It is exceedingly important that businesses have clear policies and procedures in place to address workplace violence, which comply with the statutes that govern workplace violence – including the Ontario Occupational Health and Safety Act. Under this Act, employers are required by law to prepare a written policy that defines workplace violence, provides examples of it, sets out a clear program for filing internal complaints and investigating them, and describes any other steps the company will take in relation to workplace violence.
Companies may be required in appropriate circumstances to hire an external provider both to train their staff, and to investigate incidents of workplace violence as they occur. They are also required to provide protection from any workers with a history of violence, and to reasonably protect workers who are at risk of domestic violence.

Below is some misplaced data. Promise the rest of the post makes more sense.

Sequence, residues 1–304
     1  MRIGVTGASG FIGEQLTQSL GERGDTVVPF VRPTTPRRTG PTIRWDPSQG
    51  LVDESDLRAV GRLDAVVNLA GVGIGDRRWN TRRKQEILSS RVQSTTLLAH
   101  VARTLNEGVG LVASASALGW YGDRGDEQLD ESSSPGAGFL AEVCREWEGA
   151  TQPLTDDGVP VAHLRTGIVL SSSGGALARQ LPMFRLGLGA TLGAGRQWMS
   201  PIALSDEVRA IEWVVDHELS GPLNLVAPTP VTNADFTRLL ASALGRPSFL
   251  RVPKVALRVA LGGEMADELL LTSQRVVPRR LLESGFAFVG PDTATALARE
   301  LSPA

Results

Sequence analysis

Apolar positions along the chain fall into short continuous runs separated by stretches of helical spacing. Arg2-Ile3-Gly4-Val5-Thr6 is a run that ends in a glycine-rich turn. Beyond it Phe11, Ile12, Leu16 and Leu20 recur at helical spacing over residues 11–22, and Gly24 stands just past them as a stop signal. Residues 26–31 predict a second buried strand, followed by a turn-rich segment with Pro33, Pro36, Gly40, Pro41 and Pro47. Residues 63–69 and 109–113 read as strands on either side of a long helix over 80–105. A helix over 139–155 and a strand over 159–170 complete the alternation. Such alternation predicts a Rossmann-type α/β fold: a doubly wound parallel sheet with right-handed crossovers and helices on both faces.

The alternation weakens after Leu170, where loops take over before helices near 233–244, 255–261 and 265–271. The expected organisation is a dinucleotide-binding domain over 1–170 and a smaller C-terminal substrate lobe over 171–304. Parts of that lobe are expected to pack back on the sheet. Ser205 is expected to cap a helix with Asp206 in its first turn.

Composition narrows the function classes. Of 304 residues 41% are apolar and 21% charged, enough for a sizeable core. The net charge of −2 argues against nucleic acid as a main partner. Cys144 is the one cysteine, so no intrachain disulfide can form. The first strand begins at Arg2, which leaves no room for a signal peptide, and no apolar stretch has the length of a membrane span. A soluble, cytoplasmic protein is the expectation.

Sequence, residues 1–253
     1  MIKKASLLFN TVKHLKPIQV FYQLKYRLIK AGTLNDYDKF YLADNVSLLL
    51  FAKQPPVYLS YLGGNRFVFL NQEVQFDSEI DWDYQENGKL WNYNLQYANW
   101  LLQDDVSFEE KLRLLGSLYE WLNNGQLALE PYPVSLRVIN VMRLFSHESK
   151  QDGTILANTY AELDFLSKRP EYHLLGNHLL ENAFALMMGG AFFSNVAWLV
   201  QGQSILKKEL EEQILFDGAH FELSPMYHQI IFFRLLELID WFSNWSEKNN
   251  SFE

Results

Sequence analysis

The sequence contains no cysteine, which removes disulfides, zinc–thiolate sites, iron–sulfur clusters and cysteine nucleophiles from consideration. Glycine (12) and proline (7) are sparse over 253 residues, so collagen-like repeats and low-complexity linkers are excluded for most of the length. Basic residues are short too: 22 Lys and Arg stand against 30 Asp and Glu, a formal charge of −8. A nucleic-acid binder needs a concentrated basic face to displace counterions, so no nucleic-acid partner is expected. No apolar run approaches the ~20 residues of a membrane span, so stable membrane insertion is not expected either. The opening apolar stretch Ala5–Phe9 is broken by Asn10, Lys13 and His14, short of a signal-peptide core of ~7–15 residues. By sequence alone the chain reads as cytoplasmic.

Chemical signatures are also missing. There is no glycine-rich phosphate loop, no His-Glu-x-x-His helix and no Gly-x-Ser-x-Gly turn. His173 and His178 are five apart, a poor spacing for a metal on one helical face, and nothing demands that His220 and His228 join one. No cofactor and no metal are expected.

Because workplace violence is considered a “safety hazard”, workers have a right to temporarily stop performing their duties until the issue is adequately addressed. Employers will be required to put a safety plan in place to ensure that any risks are limited to the extent legally required. In some cases, employers may also be expected to provide counseling services, if the workplace violence incident is of a sufficiently serious nature.
Where a company fails to comply with its legal obligations, it is at risk of substantial fines, extra attention from the Ministry of Labour, unhappy employees, reduced productivity, damages for wrongful or constructive dismissal, reinstatement of terminated employees (together with back-wages) and increased legal fees – among other things.
Author: Daniel Chodos, Whitten & Lublin